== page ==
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Bringing home baby: Training helps parents care for high-risk infants

July 13, 2015


CHICAGO — Jenny Vergara’s daughter was born prematurely the week before Christmas. It would be nearly Memorial Day before the child could go home.

Unable to swallow properly, Vergara’s daughter, Daenerys, underwent surgery known as fundoplication, which involves the installation of a feeding tube directly into the stomach. The Gurnee mom’s challenge was to learn how to care for the tube not only to deliver nutrition every four hours but also to avoid infections along the way.

"At first I didn’t want it, because it’s a lot of work, and you don’t want surgery on your baby," Vergara said recently. "But if that’s what it takes to bring them home, you do it."

Paving the way for that homecoming were classes through the Infant Special Care Unit at north suburban Evanston Hospital, which is part of the NorthShore University HealthSystem.

Lynn Mayberry, a registered nurse who serves as a care coordinator with the unit, said the courses were set up earlier this year when she realized that training facilities for health care providers — including the use of anatomically-correct simulation babies — should be utilized by parents as well.

"We’ve had many parents over the years who have taken home very medically fragile babies. As you can imagine, this is a very frightening thing for a new parent," Mayberry said.

Parents faced with the realities of connecting feeding and breathing tubes "were scared that they wouldn’t be able to do it like the nurses," Mayberry said.

By using a combination of the "sim-babies" and training videos, Mayberry said, the goal is to "take out the pressure of learning at the bedside — take the baby out of the equation and learn in a way where they won’t worry that they might hurt the baby."

The training not only focuses on gastrostomy feeding tubes into the stomach, which are utilized for long-term nutrition needs, but also nasal-gastric feeds, which enter through the nose and extend to the stomach for babies who are expected to adapt more quickly to taking food through a bottle. Also available through the simulation labs is care for tracheotomy openings for breathing tubes, courses that Mayberry said can be the most time-consuming.

For Lizbeth Ortiz of suburban Waukegan, the quest to bring her daughter Mia home from Evanston is approaching three months. Mia was born with a diaphragmatic hernia — a hole in the diaphragm that occurs in one in 10,000 births and affects her ability to take in food.

Both Ortiz and her husband have used the sim-babies to learn how to run a nasal-gastric line, and she said she is gaining confidence about bringing Mia home in another two to three weeks.

"I feel comfortable doing it now," Ortiz said. "I’ve never experienced anything like this before, and I was afraid. But once you do it on the baby doll, it’s like you never imagined. That was the best part (of the training), because you have to do it on your baby. You do it step by step, and once you put the tube in the doll, it made it easier."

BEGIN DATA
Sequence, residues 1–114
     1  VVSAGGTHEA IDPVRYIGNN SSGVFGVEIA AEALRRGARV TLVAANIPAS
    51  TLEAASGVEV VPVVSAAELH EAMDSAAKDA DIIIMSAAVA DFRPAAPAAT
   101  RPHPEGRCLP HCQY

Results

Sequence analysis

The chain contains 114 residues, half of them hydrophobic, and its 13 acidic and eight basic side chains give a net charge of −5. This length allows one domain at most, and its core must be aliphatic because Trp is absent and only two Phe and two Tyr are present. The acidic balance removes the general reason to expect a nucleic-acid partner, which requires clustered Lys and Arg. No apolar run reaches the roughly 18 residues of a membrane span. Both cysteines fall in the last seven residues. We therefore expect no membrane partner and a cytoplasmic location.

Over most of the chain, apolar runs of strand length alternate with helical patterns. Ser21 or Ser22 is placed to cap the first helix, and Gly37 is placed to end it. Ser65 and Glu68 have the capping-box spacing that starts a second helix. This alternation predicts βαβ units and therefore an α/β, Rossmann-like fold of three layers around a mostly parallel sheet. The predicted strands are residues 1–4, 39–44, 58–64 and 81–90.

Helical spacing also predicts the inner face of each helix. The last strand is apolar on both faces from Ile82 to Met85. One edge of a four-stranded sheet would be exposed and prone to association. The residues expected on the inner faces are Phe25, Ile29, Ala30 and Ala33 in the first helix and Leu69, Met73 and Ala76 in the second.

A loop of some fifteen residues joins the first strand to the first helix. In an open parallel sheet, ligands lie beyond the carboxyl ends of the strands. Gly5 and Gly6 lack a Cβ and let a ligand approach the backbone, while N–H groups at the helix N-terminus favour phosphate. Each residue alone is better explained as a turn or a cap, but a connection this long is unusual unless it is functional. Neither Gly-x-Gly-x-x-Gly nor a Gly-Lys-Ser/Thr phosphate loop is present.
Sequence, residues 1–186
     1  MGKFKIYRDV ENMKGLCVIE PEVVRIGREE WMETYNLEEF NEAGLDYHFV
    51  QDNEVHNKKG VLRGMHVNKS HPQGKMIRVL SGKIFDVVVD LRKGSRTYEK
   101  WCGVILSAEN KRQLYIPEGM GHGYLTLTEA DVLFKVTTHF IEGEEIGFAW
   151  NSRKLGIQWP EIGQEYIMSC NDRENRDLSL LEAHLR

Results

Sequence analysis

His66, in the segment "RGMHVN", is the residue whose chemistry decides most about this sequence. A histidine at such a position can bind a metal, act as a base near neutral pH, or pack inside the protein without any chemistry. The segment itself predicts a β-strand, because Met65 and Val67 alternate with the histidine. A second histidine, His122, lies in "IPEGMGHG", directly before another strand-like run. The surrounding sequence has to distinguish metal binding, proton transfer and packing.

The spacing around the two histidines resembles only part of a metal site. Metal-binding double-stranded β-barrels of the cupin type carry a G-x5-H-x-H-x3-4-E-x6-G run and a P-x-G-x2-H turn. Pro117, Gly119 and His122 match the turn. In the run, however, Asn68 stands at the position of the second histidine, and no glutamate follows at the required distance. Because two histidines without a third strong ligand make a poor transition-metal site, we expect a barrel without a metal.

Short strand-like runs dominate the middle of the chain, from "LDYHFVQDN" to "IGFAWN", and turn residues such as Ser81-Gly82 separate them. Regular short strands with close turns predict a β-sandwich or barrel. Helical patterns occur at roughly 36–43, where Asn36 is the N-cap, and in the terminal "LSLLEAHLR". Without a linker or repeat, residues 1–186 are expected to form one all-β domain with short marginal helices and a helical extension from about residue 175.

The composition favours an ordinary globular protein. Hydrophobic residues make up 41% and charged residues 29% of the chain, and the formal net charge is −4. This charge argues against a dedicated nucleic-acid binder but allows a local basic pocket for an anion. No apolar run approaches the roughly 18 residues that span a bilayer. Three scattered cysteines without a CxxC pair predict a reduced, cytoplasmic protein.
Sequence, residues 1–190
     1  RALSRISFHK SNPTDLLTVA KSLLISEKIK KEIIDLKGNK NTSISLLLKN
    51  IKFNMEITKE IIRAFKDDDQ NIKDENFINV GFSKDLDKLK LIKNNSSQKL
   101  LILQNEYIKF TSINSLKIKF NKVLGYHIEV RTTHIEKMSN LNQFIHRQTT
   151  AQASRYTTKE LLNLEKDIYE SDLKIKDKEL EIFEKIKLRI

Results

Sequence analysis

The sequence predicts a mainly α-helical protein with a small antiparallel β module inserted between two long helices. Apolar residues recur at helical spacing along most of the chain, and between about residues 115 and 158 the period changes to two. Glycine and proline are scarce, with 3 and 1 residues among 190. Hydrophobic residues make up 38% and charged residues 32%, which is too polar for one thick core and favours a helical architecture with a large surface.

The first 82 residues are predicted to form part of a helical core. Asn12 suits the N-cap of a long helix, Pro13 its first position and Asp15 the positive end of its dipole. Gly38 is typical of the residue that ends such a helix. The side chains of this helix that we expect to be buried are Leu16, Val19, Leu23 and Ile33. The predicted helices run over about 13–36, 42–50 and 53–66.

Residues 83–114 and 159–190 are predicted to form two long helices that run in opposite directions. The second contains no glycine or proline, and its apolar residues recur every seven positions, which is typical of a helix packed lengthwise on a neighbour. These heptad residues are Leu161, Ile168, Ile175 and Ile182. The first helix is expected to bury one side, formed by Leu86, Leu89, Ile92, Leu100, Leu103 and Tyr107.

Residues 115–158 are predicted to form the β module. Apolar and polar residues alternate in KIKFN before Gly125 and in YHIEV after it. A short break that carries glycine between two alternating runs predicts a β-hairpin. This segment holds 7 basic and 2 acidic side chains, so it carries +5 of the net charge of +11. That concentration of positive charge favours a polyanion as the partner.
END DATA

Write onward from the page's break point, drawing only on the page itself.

Mayberry said the typical training protocol starts with a series of videos that cover not only basic practices but troubleshooting different problems. In the simulation lab, she added, "high-fidelity" dolls can be programmed with such factors as oxygen levels and heart rates to create real-life scenarios, and videos can be shot of the parents to review afterward. Parents are also sent home with follow-up materials for continuing education.

"The nice thing for the parent is they don’t have to worry about causing an infection while they’re working on their baby," Mayberry said. "It can be scary and disconcerting for parents to run a tube into their baby, (so) this is concentrated on the skills they need to take the baby home."

Vergara started the training May 4 and was able to take Daenerys home 10 days later. She described the biggest challenge as "remembering everything you have to do, because there’s a lot of information."

"It was three days of about one hour each — how to clean it, how to put (the tube) in," Vergara said. "I wasn’t really scared, because I wanted to do whatever it took to come home. I just wanted to make sure I remembered all the steps. Now, I’m comfortable with it."

When Daenerys was born, she weighed about 2 pounds. As of June 30, she was closer to 12 pounds, and both her mother and her doctors are optimistic that she will soon be able to swallow well enough to have the stomach tube removed for good.

"She’s doing OK. She’s getting stronger, she’s going to therapy," the mom said. "They want to make sure her food is going all the way down and not into her lungs, so they’re going to give it a couple of months to make sure everything’s fine.

"She’s a strong baby," Vergara added. "She’s a fighter."

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McClatchy-Tribune Information Services